We're still standing though, with a new ministerial team to make the political weather. On Friday, the results of the European elections here in the North East will be announced, and I'll be in Sunderland, where the figures from each of the council areas will be collated. I intend to blog live from the count, so log on occasionally, and I'll try and give a flavour of the atmosphere and what the various parties are saying.


Paul Leake said...

Best of luck. I know the electoral system and Labours not-exactly-brilliant result mean you probably don't have to worry about flat-hunting in Brussels yet, but hope you have a good time at the count and you keep those smug Tories in a distant second.

Anonymous said...

Nicholas Thorne Wallis you really are an obnoxious sanctimonious pr**k, still living in your delusional world. A plague on you and your party, you would make a terrible MEP or MP being a total fake only capable of throwing stones at others. At least by staying in local politics as your bound too after the piss poor showing you will get on Sunday night will ensure only people in Darlington will despise you and not a wider audience.

Darlington Councillor said...

Mother - I've told you before not to leave comments on my blog!

And Paul - thanks. The North East was described by the pundits as being one of the least interesting (in terms of changing seats) in the Euro poll. We'll see on Sunday...

Won't live in Darlington said...

Gallows humour:

Dangling from a very thin piece of political twine unsure of how fast your party and your so called MP's are dropping around you, yet still having time to make jokes about "duck islands" and "moats" whilst those around you are struggling to feed themselves and have not got the petrol money to drive 50 miles to see their MP (6 jobs) for a sub (Nick, thats slang for a loan).

If this debacle has shown the people od Darlington one thing it's Pepsico/6 jobs is not looking out for them!

Personally I like you Nick but at present what you stand for makes my blood boil.

Anonymous said...

Harrowgate Hill says.......

Broon was booed by the veterans today at the D Day ceremony in France today because rightly they didn't want him there and wanted the Queen who should have been there as our Head of State. Also in his speech he called Omaha Beach Obama Beach.

The man is a total embarressment to this country. Come on Councillor when are you lot going to get rid of him?

Ian W said...


Do you personally feel Alan Milburn can represent the people of Darlington while holding down 6 other jobs and living 50 miles away (if the allegations are true)?

Also what is your stance on MP's having second and third jobs?

Do you support the new proposals that MP's should NOT be allowed to have second jobs but that they should concentrate fully on the one job they were elected for?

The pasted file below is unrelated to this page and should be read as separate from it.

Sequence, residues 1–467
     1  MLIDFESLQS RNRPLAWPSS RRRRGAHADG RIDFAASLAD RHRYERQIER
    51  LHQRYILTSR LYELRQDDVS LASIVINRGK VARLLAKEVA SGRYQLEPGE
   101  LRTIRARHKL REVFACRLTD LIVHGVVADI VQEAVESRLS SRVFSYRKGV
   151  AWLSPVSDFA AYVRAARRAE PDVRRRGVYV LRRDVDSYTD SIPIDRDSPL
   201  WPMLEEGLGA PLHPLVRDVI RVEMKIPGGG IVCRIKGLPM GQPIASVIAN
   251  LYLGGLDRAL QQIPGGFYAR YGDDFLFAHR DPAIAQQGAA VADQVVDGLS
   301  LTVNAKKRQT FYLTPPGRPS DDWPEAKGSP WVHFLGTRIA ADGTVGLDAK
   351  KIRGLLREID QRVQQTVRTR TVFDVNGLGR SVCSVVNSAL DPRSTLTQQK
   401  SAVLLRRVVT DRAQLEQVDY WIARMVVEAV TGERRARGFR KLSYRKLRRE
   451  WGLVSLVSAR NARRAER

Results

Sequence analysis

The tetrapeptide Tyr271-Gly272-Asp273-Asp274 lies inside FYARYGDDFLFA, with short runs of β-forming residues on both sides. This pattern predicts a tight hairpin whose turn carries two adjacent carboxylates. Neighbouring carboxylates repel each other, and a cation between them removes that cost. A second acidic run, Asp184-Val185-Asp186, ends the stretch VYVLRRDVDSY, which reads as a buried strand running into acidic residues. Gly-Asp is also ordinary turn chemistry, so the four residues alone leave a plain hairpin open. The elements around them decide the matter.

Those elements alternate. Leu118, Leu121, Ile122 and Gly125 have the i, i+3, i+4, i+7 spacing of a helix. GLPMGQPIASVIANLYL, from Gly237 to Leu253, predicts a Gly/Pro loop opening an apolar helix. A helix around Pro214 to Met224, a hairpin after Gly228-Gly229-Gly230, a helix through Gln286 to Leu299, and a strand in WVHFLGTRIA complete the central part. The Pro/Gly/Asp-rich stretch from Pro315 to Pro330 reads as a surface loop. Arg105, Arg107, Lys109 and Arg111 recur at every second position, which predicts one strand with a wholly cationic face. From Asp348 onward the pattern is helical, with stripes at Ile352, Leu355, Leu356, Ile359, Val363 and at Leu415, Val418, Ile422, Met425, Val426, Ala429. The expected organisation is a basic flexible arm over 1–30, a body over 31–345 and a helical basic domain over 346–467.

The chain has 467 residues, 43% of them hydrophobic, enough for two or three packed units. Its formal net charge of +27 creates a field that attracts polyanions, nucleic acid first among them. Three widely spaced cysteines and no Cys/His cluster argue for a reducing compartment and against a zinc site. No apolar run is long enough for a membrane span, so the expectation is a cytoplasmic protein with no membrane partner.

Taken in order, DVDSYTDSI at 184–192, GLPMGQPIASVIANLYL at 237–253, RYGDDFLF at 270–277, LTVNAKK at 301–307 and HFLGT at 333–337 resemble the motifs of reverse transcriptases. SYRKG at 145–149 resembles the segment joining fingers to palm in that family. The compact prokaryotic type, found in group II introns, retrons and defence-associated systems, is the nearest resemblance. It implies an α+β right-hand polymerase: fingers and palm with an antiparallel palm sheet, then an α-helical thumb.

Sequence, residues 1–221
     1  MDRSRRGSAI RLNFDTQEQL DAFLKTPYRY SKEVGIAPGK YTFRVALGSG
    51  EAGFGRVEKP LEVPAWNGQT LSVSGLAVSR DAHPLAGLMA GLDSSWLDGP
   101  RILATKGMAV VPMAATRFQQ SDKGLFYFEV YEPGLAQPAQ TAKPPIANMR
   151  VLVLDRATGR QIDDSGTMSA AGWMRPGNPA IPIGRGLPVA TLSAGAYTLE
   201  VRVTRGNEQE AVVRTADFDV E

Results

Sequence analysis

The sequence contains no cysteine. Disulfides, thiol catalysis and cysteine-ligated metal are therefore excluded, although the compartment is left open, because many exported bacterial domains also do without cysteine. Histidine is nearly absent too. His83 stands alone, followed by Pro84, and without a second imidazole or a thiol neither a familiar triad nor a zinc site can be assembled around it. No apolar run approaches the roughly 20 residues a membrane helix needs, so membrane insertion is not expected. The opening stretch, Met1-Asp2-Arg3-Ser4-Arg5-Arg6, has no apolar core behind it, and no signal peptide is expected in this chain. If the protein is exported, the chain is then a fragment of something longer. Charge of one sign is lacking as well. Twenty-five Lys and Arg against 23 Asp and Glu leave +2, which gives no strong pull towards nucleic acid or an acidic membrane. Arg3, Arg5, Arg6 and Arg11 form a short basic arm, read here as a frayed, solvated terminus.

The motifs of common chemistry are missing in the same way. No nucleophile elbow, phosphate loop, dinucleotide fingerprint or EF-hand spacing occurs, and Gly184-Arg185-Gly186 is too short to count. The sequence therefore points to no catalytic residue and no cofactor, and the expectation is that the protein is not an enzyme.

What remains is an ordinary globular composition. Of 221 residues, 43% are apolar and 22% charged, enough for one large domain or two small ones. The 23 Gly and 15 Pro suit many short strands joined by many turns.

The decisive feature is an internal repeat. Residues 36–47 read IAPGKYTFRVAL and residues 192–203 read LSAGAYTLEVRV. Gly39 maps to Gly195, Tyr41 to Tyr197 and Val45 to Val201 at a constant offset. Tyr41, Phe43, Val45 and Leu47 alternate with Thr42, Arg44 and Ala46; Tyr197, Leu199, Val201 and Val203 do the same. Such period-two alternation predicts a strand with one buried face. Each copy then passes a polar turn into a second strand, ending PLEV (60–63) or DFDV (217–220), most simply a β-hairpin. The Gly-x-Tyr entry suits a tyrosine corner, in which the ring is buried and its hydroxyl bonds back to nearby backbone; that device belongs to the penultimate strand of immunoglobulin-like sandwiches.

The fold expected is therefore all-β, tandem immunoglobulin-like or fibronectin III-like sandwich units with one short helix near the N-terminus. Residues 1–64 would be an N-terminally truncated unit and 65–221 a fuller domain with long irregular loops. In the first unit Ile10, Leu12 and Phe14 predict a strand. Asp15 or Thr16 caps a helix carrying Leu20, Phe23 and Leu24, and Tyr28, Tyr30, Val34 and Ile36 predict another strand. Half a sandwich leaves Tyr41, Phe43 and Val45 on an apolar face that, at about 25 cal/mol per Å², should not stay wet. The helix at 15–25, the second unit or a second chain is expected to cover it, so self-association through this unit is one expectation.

Darlington Councillor said...

Won't live in Darlington - it's unfair to tar me and other Labour activists (or indeed Tory or LibDems) with the corruption brush owing to the abuses of some MPs. It's my impression, having talked to hundreds of voters over the last few weeks, that most people appreciate the distinction.

Ian - it's for Alan to comment on his various outside interests. I can only state that it's been my experience that he is a very good constituency MP who deals assiduously with the complaints and issues of the people he represents. That's the feedback I've had from residents too when they have contacted his office.

For me - (and this is strictly personal) if I am elected to the European Parliament, I would not take on additional interests. This is a view I have always held. It can be the case that MPs and MEPs are paid for writing newspaper columns, which is slightly different. In these circumstances, I would pledge to give any money I earn over and above salary and expenses to a local charity.

Paul Cain said...

Morning Councillor

I think it's going to be a difficult day for your party. I hope so. Nothing personal, but I predicted annihilation for New Labour in the Euro elections and I hope I'm right.

You need to understand, in the most potent currency available to the electorate (i.e votes), just how despised you, as a party are.

Living in the US, I don't get to see the BBC news much (or Sky or ITV come to that), so I wondered if this: had been widely viewed.

I haven't seen many mentions of it in the UK media, apart from the blogs.

It's all very resonant of Nicolae Ceausescu. The Great Leader booed.

Personally I hope Gordon Brown remains in post. He provides a nailed-on guarantee that when, eventually, New Labour is dragged, screaming and kicking to a General Election, it will face oblivion.

It, and its grotesque values, will disappear and the UK can finally get on with cleansing itself after 13 years of malign authoritarianism.